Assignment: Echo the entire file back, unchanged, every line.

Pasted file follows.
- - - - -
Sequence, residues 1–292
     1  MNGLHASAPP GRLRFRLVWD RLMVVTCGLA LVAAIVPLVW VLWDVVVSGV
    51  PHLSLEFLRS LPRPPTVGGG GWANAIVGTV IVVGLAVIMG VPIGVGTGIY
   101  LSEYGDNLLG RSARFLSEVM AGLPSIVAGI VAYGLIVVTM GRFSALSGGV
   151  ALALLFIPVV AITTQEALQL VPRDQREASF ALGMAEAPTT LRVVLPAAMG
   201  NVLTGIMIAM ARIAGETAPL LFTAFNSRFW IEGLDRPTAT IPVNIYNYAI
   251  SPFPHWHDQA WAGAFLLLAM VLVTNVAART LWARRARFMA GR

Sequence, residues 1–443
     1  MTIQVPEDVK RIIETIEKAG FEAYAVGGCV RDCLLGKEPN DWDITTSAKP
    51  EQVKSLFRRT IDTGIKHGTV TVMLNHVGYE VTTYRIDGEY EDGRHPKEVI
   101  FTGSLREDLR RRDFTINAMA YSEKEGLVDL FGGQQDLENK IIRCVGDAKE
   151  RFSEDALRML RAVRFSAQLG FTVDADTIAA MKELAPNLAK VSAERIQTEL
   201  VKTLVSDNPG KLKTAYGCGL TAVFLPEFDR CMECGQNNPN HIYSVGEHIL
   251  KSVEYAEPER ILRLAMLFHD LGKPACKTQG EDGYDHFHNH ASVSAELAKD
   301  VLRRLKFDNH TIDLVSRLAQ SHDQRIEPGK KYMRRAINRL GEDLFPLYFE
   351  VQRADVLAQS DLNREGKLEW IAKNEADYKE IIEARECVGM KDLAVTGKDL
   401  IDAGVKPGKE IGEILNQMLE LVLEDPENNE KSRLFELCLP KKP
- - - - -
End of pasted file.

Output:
Sequence, residues 1–292
     1  MNGLHASAPP GRLRFRLVWD RLMVVTCGLA LVAAIVPLVW VLWDVVVSGV
    51  PHLSLEFLRS LPRPPTVGGG GWANAIVGTV IVVGLAVIMG VPIGVGTGIY
   101  LSEYGDNLLG RSARFLSEVM AGLPSIVAGI VAYGLIVVTM GRFSALSGGV
   151  ALALLFIPVV AITTQEALQL VPRDQREASF ALGMAEAPTT LRVVLPAAMG
   201  NVLTGIMIAM ARIAGETAPL LFTAFNSRFW IEGLDRPTAT IPVNIYNYAI
   251  SPFPHWHDQA WAGAFLLLAM VLVTNVAART LWARRARFMA GR

Sequence, residues 1–443
     1  MTIQVPEDVK RIIETIEKAG FEAYAVGGCV RDCLLGKEPN DWDITTSAKP
    51  EQVKSLFRRT IDTGIKHGTV TVMLNHVGYE VTTYRIDGEY EDGRHPKEVI
   101  FTGSLREDLR RRDFTINAMA YSEKEGLVDL FGGQQDLENK IIRCVGDAKE
   151  RFSEDALRML RAVRFSAQLG FTVDADTIAA MKELAPNLAK VSAERIQTEL
   201  VKTLVSDNPG KLKTAYGCGL TAVFLPEFDR CMECGQNNPN HIYSVGEHIL
   251  KSVEYAEPER ILRLAMLFHD LGKPACKTQG EDGYDHFHNH ASVSAELAKD
   301  VLRRLKFDNH TIDLVSRLAQ SHDQRIEPGK KYMRRAINRL GEDLFPLYFE
   351  VQRADVLAQS DLNREGKLEW IAKNEADYKE IIEARECVGM KDLAVTGKDL
   401  IDAGVKPGKE IGEILNQMLE LVLEDPENNE KSRLFELCLP KKP